Floristic data on richness, abundance and tree species composition did not show any association with the conservation status of the PPAs, indicating that even the disturbed PPAs support viable populations of many tree species, therefore they should be maintained within rural properties. Moreover, the disturbance of forests within the PPAs seems to have been slight, not having significantly jeopardized the community of tree plants with respect to floristics. This favors the use of the most abundant species in the recovery of disturbed PPAs. The impact in the structure of the tree assembly was perceptible in such a way that disturbed forests exhibited a smaller basal area and biomass.
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This study suggests that the impacts caused by humans on the Moju river communities did not lead to great floristic changes. Also, there were no significant differences between the analysed strata with respect to floristics (richness, Shannon-Wiener diversity, density). However, man-made impacts were perceptible in the tree community structure. As for the floristic composition, multivariate analysis evidenced there are no clear differences between forests respectively considered undisturbed and disturbed, which could be due to the different stages of preservation in PPAs or to their low level of exploitation by local communities – which have not seriously impacted the forest under their domain.
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), evidencing its high degree of protection in comparison to other undisturbed forests, and especially to those classified as disturbed. That community collects only non-wood forest resources, such as oils and resins, which could have had an effect on this level of protection. In general, the response of the forests to disturbance is different in each rural communities (Figure 5 ). The mosaic of preserved and degraded forests present in an anthropogenic landscape such as these of Moju is the result of both the rural land use dynamics and the Forest Code, by requiring that 80-50% of the properties must be maintained as legal reserves (reserva legal) does not provide guidance as to its conservation status and format.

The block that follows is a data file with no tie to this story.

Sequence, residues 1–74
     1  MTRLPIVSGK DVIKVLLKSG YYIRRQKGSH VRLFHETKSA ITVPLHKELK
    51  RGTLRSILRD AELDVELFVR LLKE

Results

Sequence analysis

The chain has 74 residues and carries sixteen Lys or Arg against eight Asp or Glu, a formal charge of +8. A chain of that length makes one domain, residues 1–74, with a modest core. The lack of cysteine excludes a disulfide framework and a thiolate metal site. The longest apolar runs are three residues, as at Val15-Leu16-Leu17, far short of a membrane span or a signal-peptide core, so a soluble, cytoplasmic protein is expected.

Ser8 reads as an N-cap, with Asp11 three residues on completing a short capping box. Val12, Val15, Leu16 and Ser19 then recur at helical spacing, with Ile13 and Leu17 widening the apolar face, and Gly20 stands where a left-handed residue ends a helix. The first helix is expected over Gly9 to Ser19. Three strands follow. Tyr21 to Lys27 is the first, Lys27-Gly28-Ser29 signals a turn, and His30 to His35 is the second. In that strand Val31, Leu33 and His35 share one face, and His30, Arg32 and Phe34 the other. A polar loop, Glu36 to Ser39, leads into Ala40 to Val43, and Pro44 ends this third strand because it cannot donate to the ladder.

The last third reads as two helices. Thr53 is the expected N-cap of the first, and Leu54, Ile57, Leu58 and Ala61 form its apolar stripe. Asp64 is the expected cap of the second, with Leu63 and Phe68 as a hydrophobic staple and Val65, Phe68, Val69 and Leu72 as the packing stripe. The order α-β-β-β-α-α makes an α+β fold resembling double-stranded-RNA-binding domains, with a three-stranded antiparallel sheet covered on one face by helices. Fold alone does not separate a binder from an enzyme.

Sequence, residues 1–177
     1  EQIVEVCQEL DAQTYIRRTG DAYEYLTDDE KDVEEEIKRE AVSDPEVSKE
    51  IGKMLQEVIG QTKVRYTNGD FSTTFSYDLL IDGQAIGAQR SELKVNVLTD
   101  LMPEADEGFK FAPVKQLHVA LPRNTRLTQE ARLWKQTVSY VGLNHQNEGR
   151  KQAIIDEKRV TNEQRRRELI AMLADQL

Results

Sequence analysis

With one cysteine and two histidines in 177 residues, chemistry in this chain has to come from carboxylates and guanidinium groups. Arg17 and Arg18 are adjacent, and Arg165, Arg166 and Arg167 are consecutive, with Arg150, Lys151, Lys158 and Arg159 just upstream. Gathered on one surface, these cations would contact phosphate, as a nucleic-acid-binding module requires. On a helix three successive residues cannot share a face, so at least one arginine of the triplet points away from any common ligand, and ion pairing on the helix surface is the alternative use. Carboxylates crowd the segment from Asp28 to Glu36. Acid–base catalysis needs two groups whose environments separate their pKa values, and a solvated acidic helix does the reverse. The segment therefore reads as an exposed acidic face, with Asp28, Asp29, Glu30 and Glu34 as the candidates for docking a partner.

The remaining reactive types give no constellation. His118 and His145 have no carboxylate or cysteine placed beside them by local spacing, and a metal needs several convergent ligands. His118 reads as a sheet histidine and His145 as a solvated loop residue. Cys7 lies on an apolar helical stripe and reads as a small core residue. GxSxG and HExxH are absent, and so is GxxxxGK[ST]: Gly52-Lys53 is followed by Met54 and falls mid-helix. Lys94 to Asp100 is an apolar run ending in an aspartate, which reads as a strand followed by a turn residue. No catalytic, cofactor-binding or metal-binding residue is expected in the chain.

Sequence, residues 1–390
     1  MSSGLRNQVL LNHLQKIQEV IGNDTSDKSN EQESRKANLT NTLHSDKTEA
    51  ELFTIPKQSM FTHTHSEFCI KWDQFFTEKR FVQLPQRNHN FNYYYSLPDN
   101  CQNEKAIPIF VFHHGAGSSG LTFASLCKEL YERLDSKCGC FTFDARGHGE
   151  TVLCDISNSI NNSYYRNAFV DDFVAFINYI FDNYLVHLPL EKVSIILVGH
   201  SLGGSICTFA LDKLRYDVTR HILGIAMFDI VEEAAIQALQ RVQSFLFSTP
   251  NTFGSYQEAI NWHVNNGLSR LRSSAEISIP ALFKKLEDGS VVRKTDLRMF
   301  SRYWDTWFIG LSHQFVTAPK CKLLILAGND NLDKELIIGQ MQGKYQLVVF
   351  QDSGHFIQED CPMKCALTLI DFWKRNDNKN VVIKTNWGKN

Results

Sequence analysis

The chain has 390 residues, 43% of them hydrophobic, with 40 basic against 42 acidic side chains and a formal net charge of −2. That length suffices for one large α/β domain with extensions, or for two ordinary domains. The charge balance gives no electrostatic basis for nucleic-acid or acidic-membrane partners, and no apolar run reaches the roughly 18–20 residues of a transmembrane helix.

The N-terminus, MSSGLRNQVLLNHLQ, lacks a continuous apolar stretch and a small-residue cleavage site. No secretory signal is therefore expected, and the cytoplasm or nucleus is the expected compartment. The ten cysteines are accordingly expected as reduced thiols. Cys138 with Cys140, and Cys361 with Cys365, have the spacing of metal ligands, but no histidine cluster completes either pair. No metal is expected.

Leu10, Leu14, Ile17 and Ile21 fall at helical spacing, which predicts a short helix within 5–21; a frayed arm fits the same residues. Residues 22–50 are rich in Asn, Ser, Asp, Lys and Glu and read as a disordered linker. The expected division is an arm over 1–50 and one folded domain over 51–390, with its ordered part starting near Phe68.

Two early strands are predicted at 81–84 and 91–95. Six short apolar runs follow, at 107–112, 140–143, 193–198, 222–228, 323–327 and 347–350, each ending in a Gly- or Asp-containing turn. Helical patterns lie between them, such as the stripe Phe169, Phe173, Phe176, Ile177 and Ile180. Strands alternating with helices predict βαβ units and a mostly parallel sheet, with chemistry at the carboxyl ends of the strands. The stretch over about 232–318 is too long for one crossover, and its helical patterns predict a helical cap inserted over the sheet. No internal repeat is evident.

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- 1 Tapirira guianensis Aubl.
- 4 Duguetia quitarensis Benth.
- 2 Duguetia spixiana Mart.
- 3 Guatteria schomburgkiana Mart.
- 5 Unonopsis guatterioides R.E. Fr.
- 2 Xylopia benthamii R.E. Fr.
- 2 Malouetia lata Markgr.
- 10 Attalea maripa (Aubl.) Mart.
5 ARECACEAE Astrocaryum gynacanthum Mart. 6 - Astrocaryum jauari Mart.
2 Astrocaryum murumuru Mart.
1 Astrocaryum vulgare Mart.
31 Bactris maraja Mart.
7 Euterpe oleracea Mart.
87 Mauritia flexuosa L. f.
1 Oenocarpus bacaba Mart.
4 Syagrus cocoides Mart.
Jacaranda copaia (Aubl.) D.Don
20 BIXACEAE Cochlospermum orinocense (Kunth) Steud.
BORAGINACEAE Cordia exaltata Lam.
Himatanthus sucuuba (Spruce ex Müll. Arg.) Woodson
ARALIACEAE Schefflera morototoni (Aubl.) Maguire, Steyerm. & Frodin
1 Duguetia echinophora R.E. Fr.
Floristic and structure status of riparian forestsAppendix 1. List of families/species (and their abundance values) recorded in plots in the upper (N= 12, 2500m
2 ; 3 ha sampled) and middle strata (N= 60, 250m
2 ; 1.5 ha sampled) in both undisturbed and disturbed forests in Permanent Preserva- tion Areas -PPAs within the municipality of Moju, Pará, Brazil.
Family/Specie Number of individuals sampled Undisturbed forests Disturbed forests ANACARDIACEAE Anacardium giganteum W. Hancock ex Engl.
15 Spondias mombin L.
15 ANNONACEAE Annona densicoma Mart.
Aspidosperma nítida Woodson
Duguetia riparia Huber
1 - Duguetia sandwithii R.E. Fr.
2 - Guatteria poeppigiana Mart.
18 Xylopia amazonica R.E. Fr.
Xylopia cayennensis Maas
Xylopia nitida Dunal
3 APOCYNACEAE Ambelania acida Aubl. 4 -
Aspidosperma excelsa Marcondes-Ferreira
11 Cordia scabrida Mart. 1 - Cordia tetrandra Aubl. 1 -
- - 3
- 2 Protium trifoliolatum Engl.
25 Licania oblongifolia Standl. 1 - Licania parviflora Benth. 2 -
Licania sclerophylla (Hook. f.) Fritsch
70 Parinari montana Aubl.
Rheedia brasiliensis (Mart.) Planch. & Triana
2 Rheedia macrophylla (Mart.) Planch. & Triana
14 Tovomita brasiliensis (Mart.) Walp.
1 Tovomita brevistaminea Engl. 1 -